Each cycle begins with a warming event, which causes the ice to retreat, leading to less reflection of sunlight and further warming. Ice caps may grow larger because the warming bring increased snowfall in winter which may exceed the extra melting in summer. At some point there is an ice cap collapse, which sends large amounts of icebergs into the ocean. These directly reflect sunlight, but more importantly they weaken the North Atlantic current that brings the warmth.  A reverse cycle of increased ice cover and lower temperatures then sets in.

The Greenland data has been extended back in time to cover the Eemian interglacial by substituting date from Antarctica. This is not entirely valid, as the Milankovitch forcings in the southern hemisphere lag behind those in the northern hemisphere by 10,000 years. The chart at the bottom shows seasonal temperature anomolies at the latitude of  70 North, which are a result of the Milankovitch Cycles.  It can be seen that periods of relatively warm temperatures correspond with strong springtime warming.

Greenland Temperature Chart




650,000 Years - Multiple Ice Ages

The charts below are based on detailed information obtained from two deep ice cores from Antarctica, which includes ice that is up to 650,000 years old. Temperatures and carbon dioxide levels can be detected from pockets of air trapped in the ice, and a year by year record can be produced.  We can see the ice age cycle of about 100,000 years of cold followed by about ten thousand years of relatively warm interglacial, which we are in now (year zero). Note that the present interglacial period is not quite as warm as those before it, but is not decending back into the glacial stage as quickly.  Carbon dioxide levels closely track but slightly lag behind temperatures. Carbon dioxide is released from the ocean as temperatures rise, so it behaves as a positive feedback to the orbital forcing that drives the climate.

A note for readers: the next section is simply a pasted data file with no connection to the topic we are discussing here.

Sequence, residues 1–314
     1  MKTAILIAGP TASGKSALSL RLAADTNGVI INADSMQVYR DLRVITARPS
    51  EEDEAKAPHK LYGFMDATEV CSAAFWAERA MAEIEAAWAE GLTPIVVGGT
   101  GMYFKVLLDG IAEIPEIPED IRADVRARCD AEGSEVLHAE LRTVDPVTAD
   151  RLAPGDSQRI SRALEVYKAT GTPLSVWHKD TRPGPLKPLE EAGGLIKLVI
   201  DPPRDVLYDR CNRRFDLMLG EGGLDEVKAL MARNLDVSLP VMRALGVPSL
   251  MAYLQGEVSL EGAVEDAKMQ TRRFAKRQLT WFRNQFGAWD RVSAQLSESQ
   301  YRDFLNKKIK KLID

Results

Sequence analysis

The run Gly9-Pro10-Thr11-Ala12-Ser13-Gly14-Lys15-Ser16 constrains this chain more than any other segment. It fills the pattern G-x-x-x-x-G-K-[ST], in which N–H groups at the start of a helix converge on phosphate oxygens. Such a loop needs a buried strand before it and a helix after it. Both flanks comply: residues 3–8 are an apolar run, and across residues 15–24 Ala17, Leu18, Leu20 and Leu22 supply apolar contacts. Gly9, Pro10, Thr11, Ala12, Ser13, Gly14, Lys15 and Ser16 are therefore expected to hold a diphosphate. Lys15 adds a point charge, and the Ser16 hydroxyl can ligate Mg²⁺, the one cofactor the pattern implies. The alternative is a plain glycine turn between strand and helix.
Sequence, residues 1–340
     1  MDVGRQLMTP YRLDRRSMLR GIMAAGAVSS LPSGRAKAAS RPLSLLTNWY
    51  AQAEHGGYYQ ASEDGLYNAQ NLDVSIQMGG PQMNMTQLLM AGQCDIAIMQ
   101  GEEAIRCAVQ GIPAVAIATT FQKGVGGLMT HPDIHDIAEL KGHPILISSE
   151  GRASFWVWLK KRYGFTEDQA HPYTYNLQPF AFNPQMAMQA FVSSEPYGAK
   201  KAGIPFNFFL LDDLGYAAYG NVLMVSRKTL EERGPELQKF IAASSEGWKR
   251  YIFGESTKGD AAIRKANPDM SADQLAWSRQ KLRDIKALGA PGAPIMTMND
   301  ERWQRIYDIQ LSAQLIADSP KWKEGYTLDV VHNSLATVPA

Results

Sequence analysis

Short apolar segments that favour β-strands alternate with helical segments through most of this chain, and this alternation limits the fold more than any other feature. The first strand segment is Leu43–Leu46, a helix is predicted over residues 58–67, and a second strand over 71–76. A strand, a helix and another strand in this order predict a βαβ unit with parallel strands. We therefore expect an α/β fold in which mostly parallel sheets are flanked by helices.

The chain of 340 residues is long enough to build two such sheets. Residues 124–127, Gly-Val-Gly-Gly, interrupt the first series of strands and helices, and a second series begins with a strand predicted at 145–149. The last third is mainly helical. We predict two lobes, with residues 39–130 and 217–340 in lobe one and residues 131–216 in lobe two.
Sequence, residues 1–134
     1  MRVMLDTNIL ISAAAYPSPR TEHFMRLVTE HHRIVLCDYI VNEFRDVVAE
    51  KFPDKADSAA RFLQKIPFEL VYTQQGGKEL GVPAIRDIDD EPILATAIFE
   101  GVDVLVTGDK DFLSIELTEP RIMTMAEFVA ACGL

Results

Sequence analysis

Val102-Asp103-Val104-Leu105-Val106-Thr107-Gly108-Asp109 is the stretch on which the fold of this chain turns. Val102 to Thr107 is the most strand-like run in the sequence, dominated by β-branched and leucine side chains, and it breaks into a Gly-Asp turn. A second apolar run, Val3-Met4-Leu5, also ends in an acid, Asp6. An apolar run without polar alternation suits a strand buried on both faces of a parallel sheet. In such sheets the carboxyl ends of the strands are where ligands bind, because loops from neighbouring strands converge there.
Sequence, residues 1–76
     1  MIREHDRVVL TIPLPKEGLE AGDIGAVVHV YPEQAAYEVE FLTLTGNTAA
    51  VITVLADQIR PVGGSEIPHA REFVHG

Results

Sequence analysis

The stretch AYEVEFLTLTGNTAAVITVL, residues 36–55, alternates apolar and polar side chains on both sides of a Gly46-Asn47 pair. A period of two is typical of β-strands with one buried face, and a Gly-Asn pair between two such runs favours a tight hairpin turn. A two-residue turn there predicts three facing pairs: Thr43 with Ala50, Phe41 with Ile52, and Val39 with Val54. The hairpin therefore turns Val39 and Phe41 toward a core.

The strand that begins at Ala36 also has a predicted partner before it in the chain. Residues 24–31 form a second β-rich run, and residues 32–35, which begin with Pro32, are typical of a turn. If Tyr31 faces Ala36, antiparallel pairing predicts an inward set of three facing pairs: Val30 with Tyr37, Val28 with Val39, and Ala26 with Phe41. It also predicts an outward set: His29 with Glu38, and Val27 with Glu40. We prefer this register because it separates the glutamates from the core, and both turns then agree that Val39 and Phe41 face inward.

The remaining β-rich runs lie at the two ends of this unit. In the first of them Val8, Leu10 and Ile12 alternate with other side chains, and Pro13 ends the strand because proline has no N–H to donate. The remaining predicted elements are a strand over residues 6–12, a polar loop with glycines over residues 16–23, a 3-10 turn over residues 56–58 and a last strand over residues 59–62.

Observe in the top chart that the amplitude of the cycles is smaller before 400,000 years ago, conforming the the pattern of intensifying cycles shown above.

Note that carbon dioxide levels vary from 180 ppm (parts per million) during ice ages to 300 ppm during interglacial periods. This 120 ppm increase takes on the order of 10,000 years, while today we have increased carbon dioxide levels by 100 ppm in 100 years, a rate one hundred times as fast.
650,000 Years Antarctica Ice Corehttp://www.realclimate.org/index.php?p=221#more-221
Vostok Ice Core
The chart in the bottom corner shows solar insolation amounts caused by Milankovitch Cycles at latitude 80 S over the course of a year. Note that the temperature peaks on the graph correspond to the warm periods during the southern spring.